ISJ Exclusive: Vienna Airport relies on MCS

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EVVA’s technologically advanced access control system has boosted security at a major European airport.

Vienna Airport in Austria is one of the most important hubs for travellers in Central and Eastern Europe.

In the crisis year of 2021, around 10.4 million passengers were handled in the three terminals. This corresponds to a significant reduction of 67% compared to the pre-coronavirus year of 2019.

The expectations for 2022 were correspondingly high thanks to the return of travel and the lowering of restrictions across much of Europe, with 17 million passengers expected to travel.

The parallel world of an airport

With over 20,000 employees in around 250 companies at the site, Vienna Airport is one of the largest employers in the region and forms its own city with handling and arrival halls, check-ins and shops as well as restaurants and waiting areas.

However, this is only the visible world. In the hidden parallel world, the real heart beats with luggage transport, technical rooms, changing rooms, storage rooms and much, much more.

Stefan Kovacs, Division Manager of Planning, Construction and Inventory Management, Vienna Airport explained: “Thanks to the many projects and conversion work at Vienna Airport, there are numerous challenges for our access control system.

“In addition, there is a high demand for flexible management and easy handling with the highest security requirements at the same time.”

Tailor-made rights assignment

These requirements, which result from the company organisation, can be met with the MCS Access Control System. Employees will select the ones they have access to according to their individual settings.

Kovacs emphasised: “Of course, seamless documentation is also important here. 20,000 people work here at the site with a wide range of tasks. They must be able to accommodate an access control system. And that makes the MCS access control system very good.”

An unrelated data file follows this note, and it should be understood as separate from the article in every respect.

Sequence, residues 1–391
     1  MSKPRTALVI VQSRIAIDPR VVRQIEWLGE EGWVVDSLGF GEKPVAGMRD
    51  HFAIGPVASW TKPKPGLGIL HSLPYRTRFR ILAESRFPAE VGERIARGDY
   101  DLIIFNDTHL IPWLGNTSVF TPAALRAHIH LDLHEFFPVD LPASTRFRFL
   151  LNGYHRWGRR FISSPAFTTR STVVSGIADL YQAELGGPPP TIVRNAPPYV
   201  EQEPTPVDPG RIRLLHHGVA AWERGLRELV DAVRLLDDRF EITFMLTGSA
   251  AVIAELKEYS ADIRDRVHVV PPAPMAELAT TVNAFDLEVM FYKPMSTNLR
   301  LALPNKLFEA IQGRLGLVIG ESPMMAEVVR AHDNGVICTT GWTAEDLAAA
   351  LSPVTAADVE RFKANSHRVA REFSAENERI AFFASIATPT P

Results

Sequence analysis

Hans Jürgen Werdenich, Key Management Vienna Airport, added: “I am very satisfied with the possibilities and the quality. The MCS access control system offers a high level of convenience and a competent distribution partner with an excellent sales manager makes this high quality of cooperation possible in the first place.”

Safety is essential

Security is a key element in operations such as airports. And this is where the MCS access control system comes into its own. Stefan Kovacs added: “We are also obliged to comply with the safety limits. This must therefore be well organised.”

Constant growth to be able to cope with the future

The MCS system takes account of these regular renovations and extensions to the airport. Hans Jürgen Werdenich continued: “We still have a lot of resources in the MCS access control system that can be expanded and which we also require.”

Expansion options that are almost endless. Unrivalled security and maximum convenience in administration. This is EVVA’s MCS system.

A complete solution from a single source

As early as 2002, EVVA equipped all buildings at the airport with the MCS (Magnetic Code System) access control system. This offers a high level of complexity in the access systems.

For Terminal 3, particular attention was paid to the combination with the existing key management system of Flughafen AG.

“The great advantage of the MCS key’s magnet technology is its high level of key copying protection,” emphasised Roman Kietaibl, Area Manager at EVVA. The innovative MCS cylinder technologies also offer lasting protection against illegal opening methods: This is an essential requirement for such a complex system as an airport.”

4,000 cylinders including matching keys for Terminal 3

Kietaibl recalled the course of the project and added: “The biggest challenge when equipping Terminal 3 was planning the submaster keys as until recently the room allocations were optimised.” Around 4,000 cylinders were installed and approximately the same number of corresponding keys were produced. The complex access hierarchies required for an airport could be realised thanks to the almost infinite variety of MCS.

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This article was originally published in the October edition of International Security Journal. To read your FREE digital edition, click here.

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